Why City Pages could really suck soon

class=img_thumbleft>On Tuesday the San Francisco Bay Guardian posted a

thorough editorial

on the




) of a possible imminent merger between the Phoenix-based

New Times

alternative weekly newspaper chain and

Village Voice Media

, which owns

City Pages

: "If there's a grain of truth here, and VVM and New Times are in any sort of talks, the implications for the alternative press and for readers, advertisers, and employees in 18 cities are too serious for federal regulators to ignore." A spokeswoman for Village Voice Media, Jessica Bellucci, denied the rumors in the New York Sun on

August 16

: "As far as I know, it's complete fiction." But recent

pay cuts

at the

Village Voice

have fueled speculation to the contrary, and some anticipate the cookie-cutter layout and apolitical bent of a New Times Twin Cities.

UPDATE 8/29/05

From the San Francisco Bay Guardian:

"Internal Village Voice documents detail plans to create 18-paper alt-press chain."

For anyone who's ever wondered who owns City Pages, here's a brief history of the newspaper and its corporate parents so far...

Founded as Sweet Potato in 1979, City Pages was purchased in February 1997 by pet-supply magnate Leonard Stern (who had bought the Village Voice from Rupert Murdoch in 1985, 30 years after it was founded by Norman Mailer and two colleagues). In March 1997, Stern Publishing also bought, and closed, the Twin Cities Reader (the same day that REV 105 was taken off the air).

In 2000, Stern sold City Pages, along with the Village Voice, Seattle Weekly, L.A. Weekly, OC Weekly, Cleveland Free Times, and Long Island Voice (closed two days later) to Weiss, Peck & Greer, a New York-based investment management firm founded in 1970, which had been acquired in 1998 by the Dutch company the Robeco Group. At the time of the Village Voice sale, Robeco was 50-percent owned by Rabobank, which in 2001 fully took over Robeco. (Rabobank, in turn, is owned by 288 Dutch banks.) More recently, Weiss has been vertically absorbed into Robeco, and is now a division of Robeco Investment Management. That's the current majority owner of Village Voice Media. (A notice on the Weiss web page reads: "As of the end of September, 2005, this site will be discontinued.")

Weiss was part of a team of investors headed by Arthur Howe, former president of Montgomery Newspapers (which owns the Philadelphia City Paper), who was named president of the new Village Voice Media. Longtime Voice publisher and Stern Publishing president David Schneiderman became CEO of VVM. Other backers included Trimaran Fund II, which is essentially the investment arm of the Canadian Imperial Bank of Commerce, and Goldman Sachs. Around that same time, Weiss and Howe had acquired (or were in the process of acquiring) the Nashville Scene and the Lexington, Kentucky Ace Weekly, so both of those newspapers were folded into the chain until the Ace was sold to its editor-publisher in 2001.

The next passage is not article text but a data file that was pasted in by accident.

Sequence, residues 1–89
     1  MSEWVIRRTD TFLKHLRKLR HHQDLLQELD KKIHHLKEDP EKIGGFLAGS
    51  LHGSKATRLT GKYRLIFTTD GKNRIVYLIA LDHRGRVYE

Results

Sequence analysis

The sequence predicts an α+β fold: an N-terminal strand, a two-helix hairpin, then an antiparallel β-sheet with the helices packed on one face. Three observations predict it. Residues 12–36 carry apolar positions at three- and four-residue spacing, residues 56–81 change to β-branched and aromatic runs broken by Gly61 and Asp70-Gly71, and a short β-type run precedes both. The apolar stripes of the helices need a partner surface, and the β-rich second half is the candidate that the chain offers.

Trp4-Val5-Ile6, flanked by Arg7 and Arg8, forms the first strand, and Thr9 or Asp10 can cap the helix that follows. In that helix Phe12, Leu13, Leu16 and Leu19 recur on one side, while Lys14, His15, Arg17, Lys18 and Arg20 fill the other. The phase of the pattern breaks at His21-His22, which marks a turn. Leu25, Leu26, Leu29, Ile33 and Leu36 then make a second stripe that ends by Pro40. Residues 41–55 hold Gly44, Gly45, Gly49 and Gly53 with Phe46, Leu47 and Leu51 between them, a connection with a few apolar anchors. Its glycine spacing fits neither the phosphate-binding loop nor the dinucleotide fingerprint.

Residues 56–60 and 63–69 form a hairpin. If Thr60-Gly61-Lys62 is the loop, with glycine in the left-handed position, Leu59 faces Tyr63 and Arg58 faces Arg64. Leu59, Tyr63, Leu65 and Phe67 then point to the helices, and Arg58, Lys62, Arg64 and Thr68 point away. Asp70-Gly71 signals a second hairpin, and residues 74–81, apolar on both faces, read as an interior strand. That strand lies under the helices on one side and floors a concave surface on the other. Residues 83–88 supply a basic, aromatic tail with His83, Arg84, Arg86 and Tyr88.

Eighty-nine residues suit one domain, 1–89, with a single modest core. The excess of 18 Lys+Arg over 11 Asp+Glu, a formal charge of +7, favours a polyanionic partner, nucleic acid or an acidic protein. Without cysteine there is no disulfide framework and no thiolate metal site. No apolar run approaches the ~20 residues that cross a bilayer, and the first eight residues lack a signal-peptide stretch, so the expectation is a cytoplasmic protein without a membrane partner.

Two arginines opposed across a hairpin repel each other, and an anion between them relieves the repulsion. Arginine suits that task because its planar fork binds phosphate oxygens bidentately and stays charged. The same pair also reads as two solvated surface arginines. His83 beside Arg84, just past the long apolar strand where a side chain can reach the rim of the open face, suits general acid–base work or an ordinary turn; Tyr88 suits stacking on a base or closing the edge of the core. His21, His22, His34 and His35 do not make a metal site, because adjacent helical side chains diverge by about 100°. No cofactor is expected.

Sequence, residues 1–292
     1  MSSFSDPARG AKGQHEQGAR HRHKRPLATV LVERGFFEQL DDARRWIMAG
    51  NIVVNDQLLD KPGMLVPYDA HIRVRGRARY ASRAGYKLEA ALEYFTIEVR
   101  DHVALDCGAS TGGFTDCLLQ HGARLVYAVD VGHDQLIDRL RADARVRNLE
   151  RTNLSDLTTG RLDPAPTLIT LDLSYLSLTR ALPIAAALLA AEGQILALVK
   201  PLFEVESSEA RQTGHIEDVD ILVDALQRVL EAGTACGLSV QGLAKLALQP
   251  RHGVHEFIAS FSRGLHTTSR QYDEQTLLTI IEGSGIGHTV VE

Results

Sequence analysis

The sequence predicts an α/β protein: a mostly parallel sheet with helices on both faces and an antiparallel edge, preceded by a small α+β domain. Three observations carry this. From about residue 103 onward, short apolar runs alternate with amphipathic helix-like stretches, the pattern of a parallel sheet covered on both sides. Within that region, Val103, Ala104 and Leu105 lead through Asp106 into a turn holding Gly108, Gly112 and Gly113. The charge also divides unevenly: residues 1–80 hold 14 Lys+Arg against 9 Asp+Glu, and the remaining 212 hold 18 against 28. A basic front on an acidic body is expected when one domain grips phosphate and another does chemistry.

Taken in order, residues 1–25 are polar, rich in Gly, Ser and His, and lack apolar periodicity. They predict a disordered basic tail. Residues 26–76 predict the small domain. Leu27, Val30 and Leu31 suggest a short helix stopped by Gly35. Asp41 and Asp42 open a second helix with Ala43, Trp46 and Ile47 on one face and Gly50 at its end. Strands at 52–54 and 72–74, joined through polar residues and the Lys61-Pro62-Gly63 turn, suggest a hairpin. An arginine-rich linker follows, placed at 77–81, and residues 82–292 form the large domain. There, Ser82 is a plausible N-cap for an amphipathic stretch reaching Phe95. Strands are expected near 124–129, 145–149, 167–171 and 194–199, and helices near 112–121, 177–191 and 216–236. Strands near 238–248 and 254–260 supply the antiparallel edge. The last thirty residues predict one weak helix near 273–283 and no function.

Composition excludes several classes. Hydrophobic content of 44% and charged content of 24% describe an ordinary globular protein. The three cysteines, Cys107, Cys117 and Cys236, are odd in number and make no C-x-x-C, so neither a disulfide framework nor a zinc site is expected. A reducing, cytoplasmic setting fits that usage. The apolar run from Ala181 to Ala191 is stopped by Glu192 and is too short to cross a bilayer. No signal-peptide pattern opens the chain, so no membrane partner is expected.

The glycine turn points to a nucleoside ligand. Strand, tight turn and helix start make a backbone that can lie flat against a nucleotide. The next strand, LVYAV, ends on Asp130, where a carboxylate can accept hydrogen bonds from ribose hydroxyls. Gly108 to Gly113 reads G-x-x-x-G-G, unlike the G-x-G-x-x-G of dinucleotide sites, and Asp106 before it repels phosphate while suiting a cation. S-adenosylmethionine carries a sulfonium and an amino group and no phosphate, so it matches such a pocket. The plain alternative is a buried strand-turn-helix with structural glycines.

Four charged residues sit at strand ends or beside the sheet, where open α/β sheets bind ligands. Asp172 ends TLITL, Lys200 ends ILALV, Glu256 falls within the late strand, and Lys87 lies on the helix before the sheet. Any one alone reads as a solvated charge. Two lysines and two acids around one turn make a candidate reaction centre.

According to a Village Voice report, Howe and company had "helped stave off a hostile takeover by New Times," which had been Stern's main competition. But Howe has since left his position, and the two chains have apparently grown more friendly. In 2002, Village Voice Media closed its Free Times in Cleveland in exchange for New Times closing its New Times Los Angeles, each competitor openly ceding one market to the other. The affair spurred a Justice Department antitrust probe, and both chains ended up settling with the U.S. in 2003. As a result, assets of the closed papers were sold off, and in no time the Free Times was back up and running, while the L.A. CityBeat has since emerged in Los Angeles. The Free Times was launched, oddly enough, in partnership with former Village Voice Media president Arthur Howe.

Obviously, there's more to this story, and most of this is background, so stay tuned, and post your responses here.

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